The last half of my 35 year teaching career was spent working with students who had difficulties with reading. I worked in rural schools with small, but significant numbers of low-income students. We knew then, and we know now, that child poverty is the main factor in low school achievement. We also know that factors associated with poverty, like low birth weight, poor nutrition, exposure to environmental toxins, and lack of health care, have an impact on a child’s learning. These out-of-school factors are rarely discussed when politicians and policy makers blame schools and teachers for low student achievement.

You may have read about the recent release of the PIRLS (Progress in International Reading Literacy Study) scores along with much pearl-clutching because of the nation’s poor performance. Most reporters focus on comparing scores of American students with students in other countries (We fall somewhere in the middle). Rarely is the impact of poverty noted.

Stephen Krashen continues to educate.

Kevin Courtney is right about the negative influence of poverty on PIRLS tests; two of our studies confirm this. He is also right in rejecting phonics instruction as the force responsible for the recent improvement in PIRLS scores: Studies show that intensive phonics instruction only improves performance on tests in which children have to pronounce words presented in a list. Heavy phonics does not contribute to performance on tests of reading comprehension. In fact, several scholars have concluded that knowledge of phonics rules, beyond the simplest ones, is acquired from reading.

For Further Reading: 

Valerie Strauss has a guest post from James Harvey, executive director of the National Superintendents Roundtable which gives the PIRLS tests a more nuanced analysis.

Also from Valerie Strauss – Ten things you need to know about international assessments

READING: POVERTY

The Reading Achievement Gap: Why Do Poor Students Lag Behind Rich Students in Reading Development?

This article was published in 2015 by Richard Allington. Here he reinforces the need for access to books for low-income children.

Students from lower-income families experience summer reading loss because they don’t read much, if at all, during the summer months. Students from middle-class families, on the other hand, are far more likely to read during this same summer period. Low-income students don’t read during the summer months because they don’t own any books, and they live in neighborhoods where there are few, if any, places to purchase books. Middle-class students have bedroom libraries and live in neighborhoods where children’s books are readily available, even in the grocery stores where their parents shop. Middle-class kids are more likely to live in a neighborhood where one can find a child-friendly public library than is the case with children living in low-income areas. These children live in neighborhoods best described as book deserts.

Historically, low-income students relied primarily on schools as sources for the books they read. Ironically, too many high-poverty schools have small libraries, and there are too many classrooms that have no classroom library for kids to select books to read. Too many high-poverty schools ban library books (and textbooks) from leaving the building (fear of loss of the books, I’m usually told). However, even with fewer books in their schools and more restrictive book-lending policies, these kids do get most of the books they read from the schools they attend. But not during the summer months when school is not in session!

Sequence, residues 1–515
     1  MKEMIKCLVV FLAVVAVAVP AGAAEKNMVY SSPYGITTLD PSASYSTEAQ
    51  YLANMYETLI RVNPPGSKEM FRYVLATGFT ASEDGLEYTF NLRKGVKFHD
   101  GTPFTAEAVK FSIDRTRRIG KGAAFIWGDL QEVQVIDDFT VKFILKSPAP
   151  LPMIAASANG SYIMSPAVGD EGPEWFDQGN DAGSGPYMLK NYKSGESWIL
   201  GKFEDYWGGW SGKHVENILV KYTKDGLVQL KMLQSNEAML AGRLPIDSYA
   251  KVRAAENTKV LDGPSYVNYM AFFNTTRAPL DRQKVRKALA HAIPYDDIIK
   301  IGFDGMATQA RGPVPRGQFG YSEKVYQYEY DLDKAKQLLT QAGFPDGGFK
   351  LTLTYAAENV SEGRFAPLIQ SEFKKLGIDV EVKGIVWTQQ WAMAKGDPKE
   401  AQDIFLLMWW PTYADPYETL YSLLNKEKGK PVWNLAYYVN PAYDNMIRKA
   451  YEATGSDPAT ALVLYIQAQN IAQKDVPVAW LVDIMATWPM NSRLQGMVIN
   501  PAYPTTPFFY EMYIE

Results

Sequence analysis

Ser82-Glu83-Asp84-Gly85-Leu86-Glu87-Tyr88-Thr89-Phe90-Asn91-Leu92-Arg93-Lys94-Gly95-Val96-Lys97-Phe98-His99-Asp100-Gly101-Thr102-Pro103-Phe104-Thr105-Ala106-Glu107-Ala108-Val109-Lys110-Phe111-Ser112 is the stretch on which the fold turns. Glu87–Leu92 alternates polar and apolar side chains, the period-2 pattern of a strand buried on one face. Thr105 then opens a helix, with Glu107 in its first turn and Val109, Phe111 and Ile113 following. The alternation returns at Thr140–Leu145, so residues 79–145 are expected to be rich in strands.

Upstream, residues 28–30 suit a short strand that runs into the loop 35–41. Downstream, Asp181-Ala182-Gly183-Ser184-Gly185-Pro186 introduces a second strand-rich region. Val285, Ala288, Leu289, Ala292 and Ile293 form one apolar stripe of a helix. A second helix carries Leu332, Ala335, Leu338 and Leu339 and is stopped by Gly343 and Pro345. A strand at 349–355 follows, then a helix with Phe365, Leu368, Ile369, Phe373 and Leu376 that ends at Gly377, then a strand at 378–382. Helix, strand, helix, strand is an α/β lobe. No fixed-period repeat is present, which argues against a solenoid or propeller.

READING: COMPREHENSION

How To Get Your Mind To Read (Daniel Willingham)

Reading teachers understand that students’ comprehension improves when teachers activate prior knowledge before having students read a passage (or before they read aloud). What happens, however, when students don’t have the knowledge they need?

…students who score well on reading tests are those with broad knowledge; they usually know at least a little about the topics of the passages on the test. One experiment tested 11th graders’ general knowledge with questions from science (“pneumonia affects which part of the body?”), history (“which American president resigned because of the Watergate scandal?”), as well as the arts, civics, geography, athletics and literature. Scores on this general knowledge test were highly associated with reading test scores.

Current education practices show that reading comprehension is misunderstood. It’s treated like a general skill that can be applied with equal success to all texts. Rather, comprehension is intimately intertwined with knowledge. That suggests three significant changes in schooling.

VOUCHERS

Voucher Programs and the Constitutional Ethic

Acceptance of a voucher by a private school should be subject to that school’s compliance with certain basic requirements. At a minimum, school buildings should meet relevant code requirements and fire safety standards; teachers should be able to offer evidence that they are equipped to teach their subject matter; and the school should both teach and model foundational constitutional values and behaviors. Ideally, schools receiving public funds should not be permitted to discriminate on the basis of race, disability or sexual orientation (religious schools have a constitutional right to discriminate on the basis of religion in certain situations, although they do not have a right to do so on the taxpayer’s dime) and should be required to afford both students and staff at least a minimum of due process. At present, we are unaware of any voucher program that requires these commitm

GIVING UP RIGHTS FOR PROFIT

DeVos Won’t Publicize a School Voucher Downside, But It’s Leaking Out Anyway

DeVos admits that students who attend private schools lose their rights under IDEA.

DeVos seems to forget that she’s the Secretary of Education for the entire United States, not just for private and privately owned schools.

There’s another key issue at stake in the conversation about vouchers for students with disabilities — one Jennifer and Joe asked DeVos about during their private conversation.

Do students with disabilities lose their rights to a fair and appropriate education — a guarantee under the 1975 Individuals with Disabilities Education Act — if they use vouchers to attend private schools?

Yes, DeVos said.

“She answered point blank,” Joe said.